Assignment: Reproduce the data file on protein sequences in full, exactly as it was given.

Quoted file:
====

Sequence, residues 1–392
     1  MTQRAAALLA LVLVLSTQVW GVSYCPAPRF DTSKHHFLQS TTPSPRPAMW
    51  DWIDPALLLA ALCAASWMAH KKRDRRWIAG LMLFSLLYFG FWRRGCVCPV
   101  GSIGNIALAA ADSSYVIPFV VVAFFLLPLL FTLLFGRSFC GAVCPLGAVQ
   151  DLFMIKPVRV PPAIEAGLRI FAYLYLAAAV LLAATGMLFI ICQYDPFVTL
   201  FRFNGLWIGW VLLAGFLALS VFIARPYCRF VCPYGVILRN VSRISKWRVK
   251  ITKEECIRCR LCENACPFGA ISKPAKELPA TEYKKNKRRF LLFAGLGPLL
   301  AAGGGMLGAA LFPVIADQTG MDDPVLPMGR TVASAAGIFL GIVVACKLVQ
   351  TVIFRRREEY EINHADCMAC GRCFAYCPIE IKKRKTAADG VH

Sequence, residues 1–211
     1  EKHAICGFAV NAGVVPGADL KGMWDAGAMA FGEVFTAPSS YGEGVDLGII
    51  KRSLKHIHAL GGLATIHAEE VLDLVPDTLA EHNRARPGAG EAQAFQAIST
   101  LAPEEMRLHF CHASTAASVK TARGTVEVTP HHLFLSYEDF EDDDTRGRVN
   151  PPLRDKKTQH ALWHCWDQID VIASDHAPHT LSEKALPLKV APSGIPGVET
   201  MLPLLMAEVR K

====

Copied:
Sequence, residues 1–392
     1  MTQRAAALLA LVLVLSTQVW GVSYCPAPRF DTSKHHFLQS TTPSPRPAMW
    51  DWIDPALLLA ALCAASWMAH KKRDRRWIAG LMLFSLLYFG FWRRGCVCPV
   101  GSIGNIALAA ADSSYVIPFV VVAFFLLPLL FTLLFGRSFC GAVCPLGAVQ
   151  DLFMIKPVRV PPAIEAGLRI FAYLYLAAAV LLAATGMLFI ICQYDPFVTL
   201  FRFNGLWIGW VLLAGFLALS VFIARPYCRF VCPYGVILRN VSRISKWRVK
   251  ITKEECIRCR LCENACPFGA ISKPAKELPA TEYKKNKRRF LLFAGLGPLL
   301  AAGGGMLGAA LFPVIADQTG MDDPVLPMGR TVASAAGIFL GIVVACKLVQ
   351  TVIFRRREEY EINHADCMAC GRCFAYCPIE IKKRKTAADG VH

Sequence, residues 1–211
     1  EKHAICGFAV NAGVVPGADL KGMWDAGAMA FGEVFTAPSS YGEGVDLGII
    51  KRSLKHIHAL GGLATIHAEE VLDLVPDTLA EHNRARPGAG EAQAFQAIST
   101  LAPEEMRLHF CHASTAASVK TARGTVEVTP HHLFLSYEDF EDDDTRGRVN
   151  PPLRDKKTQH ALWHCWDQID VIASDHAPHT LSEKALPLKV APSGIPGVET
   201  MLPLLMAEVR K